Friday, September 28, 2007

Cancer: MicroRNAs and metastasis

A particular microRNA, microRNA-10b (miR-10b), has been found in abundance in breast cancer cells that have the ability to spread to other organs, according to research published online in Nature this week. The authors demonstrate that it is miR-10b that causes the invasion and metastasis of primary tumour cells.

Robert Weinberg and colleagues demonstrate that miR-10b is induced by the transcriptional regulator Twist, which is of increasing interest in cancer research. miR-10b exerts its effects by regulating the target gene HOXD10, thereby removing RHOC repression.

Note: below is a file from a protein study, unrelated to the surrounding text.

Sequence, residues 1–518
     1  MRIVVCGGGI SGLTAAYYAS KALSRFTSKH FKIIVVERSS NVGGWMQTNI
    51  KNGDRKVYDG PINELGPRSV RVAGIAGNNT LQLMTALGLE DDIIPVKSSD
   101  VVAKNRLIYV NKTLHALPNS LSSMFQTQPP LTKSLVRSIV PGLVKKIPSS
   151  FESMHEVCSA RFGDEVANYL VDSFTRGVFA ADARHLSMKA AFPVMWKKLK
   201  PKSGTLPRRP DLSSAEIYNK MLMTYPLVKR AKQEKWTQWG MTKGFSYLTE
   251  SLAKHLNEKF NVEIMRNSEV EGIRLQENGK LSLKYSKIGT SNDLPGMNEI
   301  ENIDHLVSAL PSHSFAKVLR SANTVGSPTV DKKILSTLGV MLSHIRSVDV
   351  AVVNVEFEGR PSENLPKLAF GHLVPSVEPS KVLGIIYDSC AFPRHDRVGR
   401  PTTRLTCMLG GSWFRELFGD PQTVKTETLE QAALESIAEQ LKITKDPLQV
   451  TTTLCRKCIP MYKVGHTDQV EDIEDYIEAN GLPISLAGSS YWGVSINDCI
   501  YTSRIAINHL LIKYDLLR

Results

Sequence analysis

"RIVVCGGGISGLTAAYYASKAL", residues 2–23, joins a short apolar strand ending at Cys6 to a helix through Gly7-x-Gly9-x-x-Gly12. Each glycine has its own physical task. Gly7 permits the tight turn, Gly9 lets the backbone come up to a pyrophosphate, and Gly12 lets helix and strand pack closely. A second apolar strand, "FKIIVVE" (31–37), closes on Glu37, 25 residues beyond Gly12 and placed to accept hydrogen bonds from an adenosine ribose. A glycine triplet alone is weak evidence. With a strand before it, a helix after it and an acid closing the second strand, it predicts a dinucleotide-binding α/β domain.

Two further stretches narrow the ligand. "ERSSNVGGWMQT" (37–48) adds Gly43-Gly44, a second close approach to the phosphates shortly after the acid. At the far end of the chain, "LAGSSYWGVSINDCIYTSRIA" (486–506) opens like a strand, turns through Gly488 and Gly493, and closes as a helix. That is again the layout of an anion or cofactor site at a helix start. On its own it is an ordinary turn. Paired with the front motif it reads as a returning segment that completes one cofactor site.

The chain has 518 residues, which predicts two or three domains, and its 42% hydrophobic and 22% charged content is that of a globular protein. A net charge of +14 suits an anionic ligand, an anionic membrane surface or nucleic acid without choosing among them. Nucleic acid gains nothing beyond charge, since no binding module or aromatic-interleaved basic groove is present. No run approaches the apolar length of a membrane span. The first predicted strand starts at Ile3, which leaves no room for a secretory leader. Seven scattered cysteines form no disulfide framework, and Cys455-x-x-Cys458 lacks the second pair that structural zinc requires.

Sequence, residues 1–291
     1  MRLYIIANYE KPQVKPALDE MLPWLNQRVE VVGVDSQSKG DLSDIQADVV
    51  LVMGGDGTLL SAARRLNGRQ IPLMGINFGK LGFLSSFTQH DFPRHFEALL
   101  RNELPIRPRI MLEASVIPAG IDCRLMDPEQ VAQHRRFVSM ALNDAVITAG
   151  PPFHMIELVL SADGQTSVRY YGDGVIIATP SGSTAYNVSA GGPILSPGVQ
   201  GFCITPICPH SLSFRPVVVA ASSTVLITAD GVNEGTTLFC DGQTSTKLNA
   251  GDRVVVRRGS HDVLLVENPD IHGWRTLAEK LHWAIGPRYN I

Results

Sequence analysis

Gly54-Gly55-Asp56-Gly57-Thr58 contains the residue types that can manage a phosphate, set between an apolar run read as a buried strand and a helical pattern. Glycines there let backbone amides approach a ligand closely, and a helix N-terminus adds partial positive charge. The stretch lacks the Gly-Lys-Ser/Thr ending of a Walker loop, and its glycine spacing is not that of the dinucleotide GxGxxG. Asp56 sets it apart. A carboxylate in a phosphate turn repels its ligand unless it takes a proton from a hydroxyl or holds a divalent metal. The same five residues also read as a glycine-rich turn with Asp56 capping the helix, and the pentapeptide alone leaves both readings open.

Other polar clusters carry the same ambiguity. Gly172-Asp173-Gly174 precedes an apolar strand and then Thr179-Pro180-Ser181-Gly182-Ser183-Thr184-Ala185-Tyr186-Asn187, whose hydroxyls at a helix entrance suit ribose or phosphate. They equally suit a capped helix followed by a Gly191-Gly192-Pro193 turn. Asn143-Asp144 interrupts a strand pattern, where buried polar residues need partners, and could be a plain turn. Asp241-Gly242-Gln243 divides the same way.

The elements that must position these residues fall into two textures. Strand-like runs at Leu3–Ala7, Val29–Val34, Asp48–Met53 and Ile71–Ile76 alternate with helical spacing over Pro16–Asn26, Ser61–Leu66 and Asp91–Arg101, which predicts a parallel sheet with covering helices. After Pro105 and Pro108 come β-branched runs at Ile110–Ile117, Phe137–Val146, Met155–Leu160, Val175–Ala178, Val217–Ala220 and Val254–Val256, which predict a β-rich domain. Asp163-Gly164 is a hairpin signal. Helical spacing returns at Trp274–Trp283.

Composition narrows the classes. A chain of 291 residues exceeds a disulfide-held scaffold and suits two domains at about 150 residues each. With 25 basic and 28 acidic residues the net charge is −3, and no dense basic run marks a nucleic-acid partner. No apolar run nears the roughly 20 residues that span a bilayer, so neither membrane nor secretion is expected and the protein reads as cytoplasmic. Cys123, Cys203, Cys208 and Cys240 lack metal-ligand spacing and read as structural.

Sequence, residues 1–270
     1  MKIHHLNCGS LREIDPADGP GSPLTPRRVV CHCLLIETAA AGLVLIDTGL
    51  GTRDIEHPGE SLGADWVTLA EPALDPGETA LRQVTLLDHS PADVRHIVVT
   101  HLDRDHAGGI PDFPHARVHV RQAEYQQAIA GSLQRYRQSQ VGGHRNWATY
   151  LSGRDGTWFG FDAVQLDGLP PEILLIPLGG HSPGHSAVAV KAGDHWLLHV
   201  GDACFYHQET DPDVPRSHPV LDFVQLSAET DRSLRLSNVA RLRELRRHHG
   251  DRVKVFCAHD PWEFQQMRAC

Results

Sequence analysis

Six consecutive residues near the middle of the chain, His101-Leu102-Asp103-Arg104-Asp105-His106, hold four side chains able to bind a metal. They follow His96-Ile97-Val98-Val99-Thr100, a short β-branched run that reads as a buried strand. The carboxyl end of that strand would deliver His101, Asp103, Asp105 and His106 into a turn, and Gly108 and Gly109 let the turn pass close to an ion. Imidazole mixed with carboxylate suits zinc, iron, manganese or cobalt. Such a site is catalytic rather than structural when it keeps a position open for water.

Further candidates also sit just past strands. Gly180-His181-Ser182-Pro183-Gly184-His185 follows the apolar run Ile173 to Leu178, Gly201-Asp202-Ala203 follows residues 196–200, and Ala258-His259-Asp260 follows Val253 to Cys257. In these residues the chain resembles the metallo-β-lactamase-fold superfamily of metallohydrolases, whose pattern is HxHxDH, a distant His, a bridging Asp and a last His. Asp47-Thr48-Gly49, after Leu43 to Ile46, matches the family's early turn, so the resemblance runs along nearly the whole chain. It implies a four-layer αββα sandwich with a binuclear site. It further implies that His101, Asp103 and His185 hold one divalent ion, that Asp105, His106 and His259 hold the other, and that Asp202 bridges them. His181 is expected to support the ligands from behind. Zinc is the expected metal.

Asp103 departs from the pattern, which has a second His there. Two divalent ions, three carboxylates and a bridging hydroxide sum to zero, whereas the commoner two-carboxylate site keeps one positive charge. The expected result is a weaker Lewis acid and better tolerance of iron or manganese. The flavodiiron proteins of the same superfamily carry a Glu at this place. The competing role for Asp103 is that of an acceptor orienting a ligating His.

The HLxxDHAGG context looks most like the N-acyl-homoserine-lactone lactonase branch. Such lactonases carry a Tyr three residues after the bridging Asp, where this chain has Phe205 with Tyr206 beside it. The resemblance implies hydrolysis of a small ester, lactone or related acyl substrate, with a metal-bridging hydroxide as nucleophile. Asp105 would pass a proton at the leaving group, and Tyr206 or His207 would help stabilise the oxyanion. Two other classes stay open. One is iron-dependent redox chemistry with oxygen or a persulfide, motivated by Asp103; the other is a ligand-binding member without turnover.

Understanding why miR-10b is highly expressed in aggressive human breast tumours, and how it functions, gives a better understanding of these high-grade cancers.
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